Every Saturday afternoon this summer, I got to sit on a hard wooden bench in a non-air-conditioned windowfront with the lovely hot sunshine pouring down onto me, trying to ignore the tickling pink feathers of the increasingly bedraggled boa around my neck. (You don’t want to know about the poor pink evening dress clinging to my back in a sticky sweat.) As the mic tape pulled the tiny hairs around my hairline and the beads of perspiration created a small pond at my feet, I smiled and told the next ringlet-headed ballerina burying her head in her mother’s leg, “I love your dress! Is pink your favorite color?!”
Exhibit A – photo belies her fidgety excitement
These were the autograph sessions that followed the children’s show I was in. It was wonderful to be performing, and thankfully the theatre was (usually) air-conditioned. But I’ll be honest: I dreaded the autograph sessions.
I discovered this with my last children’s show, too. The other cast members couldn’t believe I didn’t love greeting the children after the show, taking pictures and signing my (character’s) autograph. “They’re soooo cute!” they cried. And sure, some of the children were adorable, while plenty were inconsiderate, disobedient, and obnoxious. You win some, you lose some.
The problem was – I ran out of things to say. You’re seeing anywhere between 30 and 70 little kids, mostly girls dressed in a riot of pink, tutus, and/or glitter, in hopefully no more than 30 minutes. You’ve got to keep them interested as the line slows down, you’ve got to hurry them along when the line moves up, and the whole time, you’re improvising a lively though usually one-sided discussion in your happiest tone of voice, hoping that your fellow cast members haven’t already asked the same questions.
“Did you have fun today?” “Did you like the show?” “What was your favorite part/character?” “What’s your name?” Occasionally you can pull out “Are you a princess?” (when they’re wearing a crown) and its cousin, “Are you a ballerina?” (when they’re wearing a tutu), but those are rare.
And that’s really about it. You want to make a personal connection with this child immediately but be sure the conversation is two to three sentences long – max. And every child can hear what you’ve said to the ones in front of them. So if you repeat yourself…they realize you’re not genuine.
Because seriously, who’s more discerning than a child? They can sniff out a weak spot in a parent’s discipline strategy instantaneously – I remember figuring out which questions to ask my mom, rather than my dad, when I was about six. As my husband can attest, kids are really difficult to do magic for, because, except when it comes to making things appear and disappear, they guess how you must have done the trick pretty quickly; willing suspension of disbelief isn’t a thing yet.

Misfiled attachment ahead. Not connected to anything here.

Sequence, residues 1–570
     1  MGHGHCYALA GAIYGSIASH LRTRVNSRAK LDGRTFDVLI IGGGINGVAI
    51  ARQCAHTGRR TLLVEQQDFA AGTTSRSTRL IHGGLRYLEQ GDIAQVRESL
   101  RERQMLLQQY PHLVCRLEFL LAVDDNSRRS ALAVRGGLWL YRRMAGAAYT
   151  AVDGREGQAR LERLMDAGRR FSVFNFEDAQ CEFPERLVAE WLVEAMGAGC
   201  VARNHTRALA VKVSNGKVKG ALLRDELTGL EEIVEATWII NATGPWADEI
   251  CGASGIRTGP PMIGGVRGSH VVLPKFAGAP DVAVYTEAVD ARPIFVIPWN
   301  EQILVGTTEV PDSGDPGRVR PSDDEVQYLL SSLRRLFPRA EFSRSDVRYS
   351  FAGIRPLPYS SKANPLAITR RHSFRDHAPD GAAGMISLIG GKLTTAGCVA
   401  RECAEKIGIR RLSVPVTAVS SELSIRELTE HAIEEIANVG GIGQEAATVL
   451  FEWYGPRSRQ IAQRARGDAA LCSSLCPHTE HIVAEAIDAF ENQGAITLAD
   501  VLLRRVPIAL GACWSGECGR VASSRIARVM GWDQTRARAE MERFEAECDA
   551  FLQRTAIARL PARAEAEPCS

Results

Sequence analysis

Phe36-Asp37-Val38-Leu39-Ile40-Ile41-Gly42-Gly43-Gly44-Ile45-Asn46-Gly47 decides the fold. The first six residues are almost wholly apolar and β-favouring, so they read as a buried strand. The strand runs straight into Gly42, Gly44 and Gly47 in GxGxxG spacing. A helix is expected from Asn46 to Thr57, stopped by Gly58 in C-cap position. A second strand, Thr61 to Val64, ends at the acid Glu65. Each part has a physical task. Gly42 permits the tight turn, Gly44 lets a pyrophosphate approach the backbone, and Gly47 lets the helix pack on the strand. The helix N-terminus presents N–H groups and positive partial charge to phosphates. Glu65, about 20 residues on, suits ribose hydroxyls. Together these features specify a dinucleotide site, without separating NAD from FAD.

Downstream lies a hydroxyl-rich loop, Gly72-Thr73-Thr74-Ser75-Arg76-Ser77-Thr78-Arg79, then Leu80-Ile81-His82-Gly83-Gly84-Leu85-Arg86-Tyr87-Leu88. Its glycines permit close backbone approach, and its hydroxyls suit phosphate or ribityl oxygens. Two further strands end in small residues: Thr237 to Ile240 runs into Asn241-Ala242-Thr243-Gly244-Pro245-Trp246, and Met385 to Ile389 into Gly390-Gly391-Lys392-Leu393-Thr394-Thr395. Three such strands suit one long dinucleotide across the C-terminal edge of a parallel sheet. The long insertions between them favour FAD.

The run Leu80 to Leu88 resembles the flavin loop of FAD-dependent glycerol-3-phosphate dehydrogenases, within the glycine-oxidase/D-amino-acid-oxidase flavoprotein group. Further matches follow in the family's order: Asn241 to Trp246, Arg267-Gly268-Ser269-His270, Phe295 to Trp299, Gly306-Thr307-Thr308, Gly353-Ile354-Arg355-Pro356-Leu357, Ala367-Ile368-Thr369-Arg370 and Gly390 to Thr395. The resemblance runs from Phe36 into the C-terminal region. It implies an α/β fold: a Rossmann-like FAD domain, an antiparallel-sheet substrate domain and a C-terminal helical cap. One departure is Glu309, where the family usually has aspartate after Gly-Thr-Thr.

So my solution was usually to find something they were wearing that I could comment on. “What a pretty dress!” “I love all the colors you’re wearing!” “Oh, you must love the color purple!” “Your hair is so long and beautiful!” “Great shoes!” And yes, every sentence I said was legally required to have an exclamation point.*
*Ok, maybe not legally. It has been awhile since I looked at that contract.
But you see, I was really uncomfortable with this quick fix. Sure, it created a short conversation that made the child feel special for that moment, and it meant I probably wouldn’t have repeated any of my cast-mates, spoiling the magic of theatre for these innocent kids. But didn’t it also teach a little girl that her worth is in her clothes and how she looks?
Not that these girls are in danger of low worth either way!
At one point, I debated with myself – should I instead focus on pointing out how beautiful the girl herself is, rather than her clothes? But that didn’t seem to help things – for one thing, it gave me fewer sentence options. And for another, it simply drove home the message even more directly that a girl’s worth is tied to her beauty. It wouldn’t matter if I told a particularly homely girl how lovely she was – at that age, it would just cement the idea that the only thing that mattered at all was her looks. Not a solution.
Does anyone have any ideas? It’s easy to get in a rut when it’s your job and it becomes routine. I could use some inspiration from you for next time! Please share your thoughts, reactions, or suggestions in the comments. I’d love to be a force for good in the long-term minds of those sweet children.